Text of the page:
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What exactly is a sprained or “twisted” ankle?

What exactly is a sprained ankle?

 


An ankle sprain happens when the ligaments holding the joint together are torn or stretched out. It’s an extremely common sports injury and can be quite painful.

Ankle sprain signs and symptoms:

Immediate pain and swelling.
Difficulty moving the ankle.
Pain when putting weight on the ankle.
Two main types of ankle sprains exist:

Ankle Sprains: Inversion and Eversion.

· Eversion sprains—this happens when the ankle rolls inwards. The deltoid ligament on the inside of the ankle becomes stretched out or torn.

· Inversion sprains—this happens when the ankle twists outwards. The ligaments on the side of the ankle become stretched out or torn.

Of the two, inversion sprains are by more common by far. This is the traditional “rolled” ankle.

The ankle can be divided into three sections: lateral (side), medial (inner), and high. All of these areas prone to sprain injuries.

· Lateral ankle sprains occur most frequently. The ligaments preventing your foot from rolling inward are stretched or torn.

· Medial ankle sprains aren’t as common. The ligaments preveitnign your foot from rolling outward are stretched or torn.

· High ankle sprains are also referred to as “tib/fib” sprains. The ligaments which hold the two bones of the leg (tibia and fibula) are torn or stretched slightly above the actual ankle. This injury is more severe, and occurs when the lower leg and ankle forcefully twist away from the body.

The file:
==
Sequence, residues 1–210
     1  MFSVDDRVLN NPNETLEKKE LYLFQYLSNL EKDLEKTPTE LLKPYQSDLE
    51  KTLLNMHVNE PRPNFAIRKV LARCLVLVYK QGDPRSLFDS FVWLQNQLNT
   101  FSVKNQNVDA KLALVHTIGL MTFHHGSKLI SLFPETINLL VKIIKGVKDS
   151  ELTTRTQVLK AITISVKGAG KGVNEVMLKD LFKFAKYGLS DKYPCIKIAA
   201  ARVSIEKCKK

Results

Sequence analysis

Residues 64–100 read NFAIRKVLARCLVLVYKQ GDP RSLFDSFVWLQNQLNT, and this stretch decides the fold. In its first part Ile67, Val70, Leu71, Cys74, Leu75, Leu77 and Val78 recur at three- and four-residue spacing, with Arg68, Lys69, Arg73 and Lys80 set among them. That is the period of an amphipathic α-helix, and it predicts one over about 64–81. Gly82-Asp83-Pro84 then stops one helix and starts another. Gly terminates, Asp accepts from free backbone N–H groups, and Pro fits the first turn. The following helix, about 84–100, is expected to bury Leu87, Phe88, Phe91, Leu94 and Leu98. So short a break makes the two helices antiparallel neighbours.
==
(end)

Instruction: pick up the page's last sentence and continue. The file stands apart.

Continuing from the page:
The Three Point Scale: Ankle Sprains Grade I, II, and III.

Your podiatrist or orthopedist will likely grade your ankle on a 3-point scale. This is based on the amount of damage the ligaments in your ankle have sustained.

  • Grade I (least severe): The ligaments have been over-stretched, but are not torn. The ankle will appear mildly swollen and may be moderately painful. You’ll probably feel stiff the next day.
  • Grade II (mid-severity): Some or all of the ligaments have been partially torn. There is likely to be bruising, and the pain will be worse than with grade I. Often the patient can’t bear weight on the affected ankle.
  • Grade III (most severe): In this cases some or all of the ligaments of the ankle have been torn completely. This is often accompanied by a popping or snapping sound, and the pain is immediate and severe. Severe bruising and swelling will occur. In grade III sprains it is extremely unlikely that the patient will be able to bear any weight on the injured ankle. Surgery is often necessary.

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Ankle sprain risk factors and causes:     

·         Wearing shoes which don’t support the ankle properly. A good example is wearing running shoes to play basketball.

·         Placing excessive stress on the ankle. This often occurs when walking or running on uneven surfaces.

·         Playing high impact sports with a lot of quick stopping, starting, jumping, and body contact. Two good examples are football and basketball.

 

What can cause a sprained ankle?

The vast majority of sprains occur when the body shifts rapidly over a planted foot. This can happen in contact sports like football and basketball. It also happens quite frequently when walking or running on uneven terrain. The most common type of ankle sprain is the “inversion” sprain. The ankle will roll away from the body and the foot will turn inward, damaging the ligaments on the outside of the ankle. This is the classic “rolled” ankle. Slightly less common is the opposite: the “eversion” sprain. This happens when the ankle rolls towards the body and the foot turns outward. In this case the ligaments on the inside of the ankle are damaged.